Reading the trial judge's findings and rulings as a whole it is clear that he chose to believe the plaintiff, who testified that Goldberg told him that the Weiners wanted to sell their cab operations in Malden, that Goldberg "said it would require an investment of about $70,000," and that the plaintiff "could invest any portion that I felt I could handle of the total investments, which he [Goldberg] said were approximately $70,000." The trial judge refused to believe Goldberg, who categorically denied that he "told him [the plaintiff] that in return for his $15,000, he would become entitled to a proportional share of the stock in the company" and maintained that the plaintiff had lent him $15,000, on which no interest was apparently paid and which was not evidenced by a note. The defendants point out various circumstances which raise inferences inconsistent with the plaintiff's contention. But it is undisputed that the plaintiff was treasurer, director, and general manager of Malden and was a guarantor of Malden's contract with Gibbs to buy its requirements of petroleum products and of a $25,000 loan from Gibbs to Malden. Our examination of the evidence leads us to conclude that giving "due regard ... to the opportunity of the trial court to judge of the credibility of the witnesses" (Mass.R.Civ.P. 52(a), 365 Mass. 816 ) the judge was not clearly erroneous in resolving the clear cut issue between the parties as he *408 did and in concluding that stock interests should be allocated between the plaintiff and Goldberg in proportion to their capital contributions.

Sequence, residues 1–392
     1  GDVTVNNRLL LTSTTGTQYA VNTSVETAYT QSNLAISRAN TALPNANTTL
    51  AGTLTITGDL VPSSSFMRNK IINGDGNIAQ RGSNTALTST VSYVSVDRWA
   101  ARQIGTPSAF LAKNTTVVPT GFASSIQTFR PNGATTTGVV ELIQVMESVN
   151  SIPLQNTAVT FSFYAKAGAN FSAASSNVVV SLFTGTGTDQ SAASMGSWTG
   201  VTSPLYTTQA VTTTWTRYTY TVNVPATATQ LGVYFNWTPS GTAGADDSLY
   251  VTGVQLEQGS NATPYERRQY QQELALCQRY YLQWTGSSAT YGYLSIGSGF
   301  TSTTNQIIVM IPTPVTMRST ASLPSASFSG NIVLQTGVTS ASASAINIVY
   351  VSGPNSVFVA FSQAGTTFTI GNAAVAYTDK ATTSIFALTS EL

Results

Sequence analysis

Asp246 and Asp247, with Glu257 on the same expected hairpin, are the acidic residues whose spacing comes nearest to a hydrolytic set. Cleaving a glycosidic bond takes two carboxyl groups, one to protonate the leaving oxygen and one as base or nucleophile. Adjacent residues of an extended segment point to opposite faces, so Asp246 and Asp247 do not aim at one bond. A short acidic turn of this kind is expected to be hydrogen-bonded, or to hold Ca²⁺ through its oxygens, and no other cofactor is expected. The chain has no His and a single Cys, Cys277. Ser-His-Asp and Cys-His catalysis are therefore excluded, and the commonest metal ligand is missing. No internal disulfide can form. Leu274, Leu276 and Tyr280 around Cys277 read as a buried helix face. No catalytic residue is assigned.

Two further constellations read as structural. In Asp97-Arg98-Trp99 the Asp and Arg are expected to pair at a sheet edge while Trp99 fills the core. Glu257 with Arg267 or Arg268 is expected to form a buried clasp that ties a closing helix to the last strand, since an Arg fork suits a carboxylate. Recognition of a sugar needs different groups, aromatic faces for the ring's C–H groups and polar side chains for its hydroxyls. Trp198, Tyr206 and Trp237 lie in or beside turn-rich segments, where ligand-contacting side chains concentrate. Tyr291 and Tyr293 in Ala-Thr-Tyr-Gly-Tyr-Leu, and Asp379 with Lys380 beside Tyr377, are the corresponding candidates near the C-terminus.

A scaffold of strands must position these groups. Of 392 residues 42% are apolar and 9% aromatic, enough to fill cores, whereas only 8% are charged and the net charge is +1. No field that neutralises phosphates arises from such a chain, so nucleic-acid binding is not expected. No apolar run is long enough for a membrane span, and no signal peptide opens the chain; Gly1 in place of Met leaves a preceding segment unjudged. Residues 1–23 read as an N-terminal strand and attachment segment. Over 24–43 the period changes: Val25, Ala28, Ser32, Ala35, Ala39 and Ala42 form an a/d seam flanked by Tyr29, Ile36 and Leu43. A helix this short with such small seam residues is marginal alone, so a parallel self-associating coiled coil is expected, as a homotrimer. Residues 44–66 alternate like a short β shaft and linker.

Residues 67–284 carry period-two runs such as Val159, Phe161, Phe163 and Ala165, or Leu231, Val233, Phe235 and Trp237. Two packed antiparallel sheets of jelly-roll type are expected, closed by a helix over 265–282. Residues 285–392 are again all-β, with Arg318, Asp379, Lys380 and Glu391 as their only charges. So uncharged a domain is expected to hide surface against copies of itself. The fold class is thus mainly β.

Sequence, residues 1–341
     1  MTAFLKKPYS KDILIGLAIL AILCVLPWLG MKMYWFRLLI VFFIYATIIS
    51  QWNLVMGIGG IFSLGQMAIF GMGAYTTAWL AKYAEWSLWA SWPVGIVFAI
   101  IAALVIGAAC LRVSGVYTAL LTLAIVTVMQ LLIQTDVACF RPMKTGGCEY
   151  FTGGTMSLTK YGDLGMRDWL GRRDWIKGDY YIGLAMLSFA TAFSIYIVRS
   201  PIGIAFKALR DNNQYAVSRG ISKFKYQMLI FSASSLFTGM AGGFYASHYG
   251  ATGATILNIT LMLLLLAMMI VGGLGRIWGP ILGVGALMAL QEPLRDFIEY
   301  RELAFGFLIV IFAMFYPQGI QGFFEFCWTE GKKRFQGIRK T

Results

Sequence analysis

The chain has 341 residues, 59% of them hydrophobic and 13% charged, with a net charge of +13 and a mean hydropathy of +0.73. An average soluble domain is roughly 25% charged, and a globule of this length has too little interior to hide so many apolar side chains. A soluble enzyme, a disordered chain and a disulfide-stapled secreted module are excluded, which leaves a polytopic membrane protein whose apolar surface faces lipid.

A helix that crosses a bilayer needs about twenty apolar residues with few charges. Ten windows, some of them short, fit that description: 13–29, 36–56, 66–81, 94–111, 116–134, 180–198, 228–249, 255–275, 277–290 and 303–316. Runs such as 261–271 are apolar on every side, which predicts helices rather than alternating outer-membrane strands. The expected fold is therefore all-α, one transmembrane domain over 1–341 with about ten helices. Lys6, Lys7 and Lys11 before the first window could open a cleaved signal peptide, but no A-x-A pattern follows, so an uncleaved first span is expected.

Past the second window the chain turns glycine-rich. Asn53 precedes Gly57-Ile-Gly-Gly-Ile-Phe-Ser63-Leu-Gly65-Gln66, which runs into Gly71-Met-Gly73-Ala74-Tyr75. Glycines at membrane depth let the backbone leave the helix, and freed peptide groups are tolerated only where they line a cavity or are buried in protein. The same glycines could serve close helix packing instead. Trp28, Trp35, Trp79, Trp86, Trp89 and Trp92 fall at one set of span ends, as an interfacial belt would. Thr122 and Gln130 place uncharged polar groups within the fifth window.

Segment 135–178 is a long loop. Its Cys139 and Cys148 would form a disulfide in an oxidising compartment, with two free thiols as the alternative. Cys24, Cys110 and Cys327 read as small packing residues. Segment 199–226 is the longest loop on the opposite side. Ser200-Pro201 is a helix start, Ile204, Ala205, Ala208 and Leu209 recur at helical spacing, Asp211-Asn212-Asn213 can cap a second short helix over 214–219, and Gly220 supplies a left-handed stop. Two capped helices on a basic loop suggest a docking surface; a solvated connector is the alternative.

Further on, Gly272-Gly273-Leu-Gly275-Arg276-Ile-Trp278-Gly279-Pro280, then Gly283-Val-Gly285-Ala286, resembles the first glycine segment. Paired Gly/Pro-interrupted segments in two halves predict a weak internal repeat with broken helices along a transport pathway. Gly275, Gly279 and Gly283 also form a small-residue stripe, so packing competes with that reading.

2. The guarantee of the lease. Goldberg also claims that as part of the "equity investment," on which the trial judge based his calculation of the stock due the plaintiff, Goldberg was entitled to include the value of his guarantee of the seven-year lease (also guaranteed by his wife) at $3,500 per month, creating a potential liability of $294,000. The trial judge was well warranted in his finding that the guarantee "was not a capital contribution." He found that the only stock which had been authorized and issued on May 14, 1969, as evidenced by a certificate of condition filed by Goldberg, was one hundred shares for $25,000. The trial judge's point is well taken that "[i]t is incongruous that the Certificate of Condition filed by David Goldberg, an experienced accountant, would show that the 100 shares of stock issued to him was in consideration of $25,000, but that as a result of the present litigation, David Goldberg now wishes to be credited with a $294,000 capital contribution." He also found that there was no "intention that it be so considered at the time it was given on May 14th, 1969." The trial judge was justified in accepting the transaction as Goldberg had cast it. See Cain v. Cain, 3 Mass. App. Ct. 467, 471-472 (1975). Indeed, Goldberg testified that the company was capitalized with the $25,000, $15,000 of which he had received from the plaintiff and $10,000 from relatives.